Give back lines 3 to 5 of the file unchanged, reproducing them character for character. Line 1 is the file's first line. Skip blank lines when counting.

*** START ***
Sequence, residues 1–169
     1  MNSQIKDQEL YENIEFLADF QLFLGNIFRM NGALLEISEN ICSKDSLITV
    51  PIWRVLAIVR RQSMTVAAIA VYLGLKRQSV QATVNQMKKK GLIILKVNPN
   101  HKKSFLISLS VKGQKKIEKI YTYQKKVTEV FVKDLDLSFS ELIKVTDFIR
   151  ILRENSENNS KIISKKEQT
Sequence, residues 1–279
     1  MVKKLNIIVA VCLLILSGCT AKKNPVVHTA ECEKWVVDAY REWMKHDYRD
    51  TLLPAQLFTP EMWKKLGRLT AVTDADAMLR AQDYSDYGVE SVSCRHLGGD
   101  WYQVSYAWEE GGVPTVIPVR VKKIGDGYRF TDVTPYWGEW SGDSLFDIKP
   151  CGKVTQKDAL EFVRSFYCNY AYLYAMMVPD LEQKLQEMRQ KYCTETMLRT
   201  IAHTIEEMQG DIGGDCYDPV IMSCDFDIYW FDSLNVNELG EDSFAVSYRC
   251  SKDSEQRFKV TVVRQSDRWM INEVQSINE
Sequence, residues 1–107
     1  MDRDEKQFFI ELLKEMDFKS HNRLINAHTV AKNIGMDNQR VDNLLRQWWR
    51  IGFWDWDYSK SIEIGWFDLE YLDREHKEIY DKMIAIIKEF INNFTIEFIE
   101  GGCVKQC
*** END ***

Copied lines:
    51  PIWRVLAIVR RQSMTVAAIA VYLGLKRQSV QATVNQMKKK GLIILKVNPN
   101  HKKSFLISLS VKGQKKIEKI YTYQKKVTEV FVKDLDLSFS ELIKVTDFIR
   151  ILRENSENNS KIISKKEQT